In a country of 1.4 billion like India, brands play a major role to empower consumers to differentiate between quality and sub-standard products. Brands represent the leaders of a particular category of products across any sector. The pharma industry builds brands that represent trust and assures quality of patient care.
However, there is a growing belief that brands are the reason for higher healthcare costs and only benefit the brand owners. If that is true, why have branded medicines been around for decades? Are brands jeopardising patients’ health? What role do brands play in patient care? Patients preferring a branded generic is the same as a customer choosing a branded product. One of my most trusted doctors once told me that generic medicines are not trustworthy while branded generics assure his patient’s safety. The genesis of our conversation was building trust and assuring quality, which was partly resolved when the government launched the Jan Aushadhi Scheme (JAS - 2008) to provide a brand to generic medicines and bring fair competition with branded generic medicines.
Chunk of healthcare expenses
Drug prices in India are among the lowest in the world. But unlike other countries that have robust health insurance, most Indians pay out of their pockets. This accounts for about 28 per cent of their healthcare expenses on medications compared to the global average of 15 per cent.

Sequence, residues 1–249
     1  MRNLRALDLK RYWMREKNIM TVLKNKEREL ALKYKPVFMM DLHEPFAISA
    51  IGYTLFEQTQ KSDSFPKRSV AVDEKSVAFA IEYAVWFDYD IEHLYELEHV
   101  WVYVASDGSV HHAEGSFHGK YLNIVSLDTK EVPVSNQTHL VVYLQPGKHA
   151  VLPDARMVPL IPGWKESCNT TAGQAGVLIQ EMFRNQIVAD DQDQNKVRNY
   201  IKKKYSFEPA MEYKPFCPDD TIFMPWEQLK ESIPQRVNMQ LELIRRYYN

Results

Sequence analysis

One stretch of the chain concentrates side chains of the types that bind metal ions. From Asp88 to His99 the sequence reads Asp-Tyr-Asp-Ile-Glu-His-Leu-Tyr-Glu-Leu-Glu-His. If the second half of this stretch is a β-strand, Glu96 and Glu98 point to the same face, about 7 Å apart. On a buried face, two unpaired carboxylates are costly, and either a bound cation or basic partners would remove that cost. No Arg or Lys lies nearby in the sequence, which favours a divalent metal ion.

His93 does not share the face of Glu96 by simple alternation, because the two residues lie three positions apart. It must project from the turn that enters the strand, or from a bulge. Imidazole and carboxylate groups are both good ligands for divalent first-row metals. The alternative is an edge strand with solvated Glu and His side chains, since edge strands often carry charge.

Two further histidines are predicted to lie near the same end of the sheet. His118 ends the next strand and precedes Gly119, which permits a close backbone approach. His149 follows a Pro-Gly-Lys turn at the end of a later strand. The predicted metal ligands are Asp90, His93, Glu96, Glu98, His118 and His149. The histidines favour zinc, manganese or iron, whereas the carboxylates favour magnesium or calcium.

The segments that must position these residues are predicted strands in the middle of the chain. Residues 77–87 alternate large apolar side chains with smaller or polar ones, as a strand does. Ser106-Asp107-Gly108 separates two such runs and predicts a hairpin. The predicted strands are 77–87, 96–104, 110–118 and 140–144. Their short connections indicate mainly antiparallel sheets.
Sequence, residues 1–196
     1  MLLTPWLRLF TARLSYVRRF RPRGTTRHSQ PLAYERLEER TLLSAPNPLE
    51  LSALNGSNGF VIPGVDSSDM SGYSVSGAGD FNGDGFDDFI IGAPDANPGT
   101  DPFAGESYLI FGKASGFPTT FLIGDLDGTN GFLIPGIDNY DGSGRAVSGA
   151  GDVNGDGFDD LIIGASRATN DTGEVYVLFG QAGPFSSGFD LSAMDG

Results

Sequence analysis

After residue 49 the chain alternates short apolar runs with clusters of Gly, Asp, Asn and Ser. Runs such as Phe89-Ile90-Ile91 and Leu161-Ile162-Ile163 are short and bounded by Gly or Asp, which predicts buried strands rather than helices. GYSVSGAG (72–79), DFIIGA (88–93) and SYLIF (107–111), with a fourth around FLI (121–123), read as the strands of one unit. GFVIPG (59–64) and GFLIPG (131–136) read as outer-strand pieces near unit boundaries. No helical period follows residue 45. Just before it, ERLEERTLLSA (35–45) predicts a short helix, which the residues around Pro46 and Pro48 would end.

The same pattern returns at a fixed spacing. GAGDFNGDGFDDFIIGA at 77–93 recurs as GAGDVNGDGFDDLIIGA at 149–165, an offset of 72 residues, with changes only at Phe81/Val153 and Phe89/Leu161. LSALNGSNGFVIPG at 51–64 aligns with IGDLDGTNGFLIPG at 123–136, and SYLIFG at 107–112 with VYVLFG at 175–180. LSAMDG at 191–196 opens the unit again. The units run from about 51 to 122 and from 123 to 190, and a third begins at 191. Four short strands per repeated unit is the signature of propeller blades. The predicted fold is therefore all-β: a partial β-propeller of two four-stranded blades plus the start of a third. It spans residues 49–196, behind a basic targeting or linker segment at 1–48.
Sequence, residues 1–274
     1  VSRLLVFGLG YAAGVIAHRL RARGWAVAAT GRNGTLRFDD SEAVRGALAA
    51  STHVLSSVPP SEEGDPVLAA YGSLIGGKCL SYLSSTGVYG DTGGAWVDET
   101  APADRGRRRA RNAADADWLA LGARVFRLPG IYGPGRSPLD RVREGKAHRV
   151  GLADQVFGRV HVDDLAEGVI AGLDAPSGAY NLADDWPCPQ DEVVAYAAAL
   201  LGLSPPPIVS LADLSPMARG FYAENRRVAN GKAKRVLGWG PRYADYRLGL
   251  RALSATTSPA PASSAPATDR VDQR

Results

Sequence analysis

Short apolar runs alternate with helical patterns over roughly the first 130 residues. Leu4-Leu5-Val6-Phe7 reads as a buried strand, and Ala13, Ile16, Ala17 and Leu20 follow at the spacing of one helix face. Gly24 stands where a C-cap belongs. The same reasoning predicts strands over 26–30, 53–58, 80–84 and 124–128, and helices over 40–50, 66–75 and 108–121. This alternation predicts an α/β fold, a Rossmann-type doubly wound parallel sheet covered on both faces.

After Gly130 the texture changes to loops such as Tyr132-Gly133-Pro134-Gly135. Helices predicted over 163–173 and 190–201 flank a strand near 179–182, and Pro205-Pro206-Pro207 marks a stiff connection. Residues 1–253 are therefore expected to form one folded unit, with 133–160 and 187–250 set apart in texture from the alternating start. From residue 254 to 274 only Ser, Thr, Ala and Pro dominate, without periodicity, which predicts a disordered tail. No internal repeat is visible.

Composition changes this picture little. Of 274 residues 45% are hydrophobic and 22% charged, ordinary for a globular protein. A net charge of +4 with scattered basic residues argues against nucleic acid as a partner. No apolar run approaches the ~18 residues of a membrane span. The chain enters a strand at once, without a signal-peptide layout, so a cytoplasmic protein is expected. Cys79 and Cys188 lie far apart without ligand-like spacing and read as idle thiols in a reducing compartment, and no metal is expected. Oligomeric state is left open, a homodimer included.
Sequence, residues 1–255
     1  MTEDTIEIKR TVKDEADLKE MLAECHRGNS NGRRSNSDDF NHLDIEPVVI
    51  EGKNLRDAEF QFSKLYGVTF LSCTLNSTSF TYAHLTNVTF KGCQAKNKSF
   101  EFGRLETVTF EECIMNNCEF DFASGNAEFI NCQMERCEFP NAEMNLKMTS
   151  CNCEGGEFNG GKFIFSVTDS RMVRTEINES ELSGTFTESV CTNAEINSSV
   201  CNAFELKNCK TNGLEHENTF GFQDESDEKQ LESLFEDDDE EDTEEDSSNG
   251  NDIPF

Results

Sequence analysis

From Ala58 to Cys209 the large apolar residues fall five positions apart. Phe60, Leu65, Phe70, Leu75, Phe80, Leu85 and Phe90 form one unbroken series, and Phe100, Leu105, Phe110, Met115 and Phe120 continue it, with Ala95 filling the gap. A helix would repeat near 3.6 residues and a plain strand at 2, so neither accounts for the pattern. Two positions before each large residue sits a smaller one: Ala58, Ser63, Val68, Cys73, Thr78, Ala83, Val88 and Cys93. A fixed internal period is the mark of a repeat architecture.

For patients, the doctor is the custodian of their health. Doctors prescribe a medicine that they trust to treat the patient as they are responsible for the patients’ health. Doctors know that all brands are not the same and substitutions may lead to complications in the patients’ health. The potency of every drug depends on the manufacturing processes, distribution and storage.
The manufacturers of certain branded medicines focus on development and upgradation of their products. Branding encourages innovation and builds value around the best expected outcomes based on clinical research that represents the trust and quality of a medicine.
India has over 10,000 manufacturers and 30,000 manufacturing units. We should strengthen quality standards and implement stringent punitive measures to tackle spurious and not of standard quality (NSQ) medicines.
The choice of medicines should be left to doctors and their patients instead of being determined by any other factor. Let the doctor be custodian of patient health.
(The writer is a consumer policy expert. Views are personal.)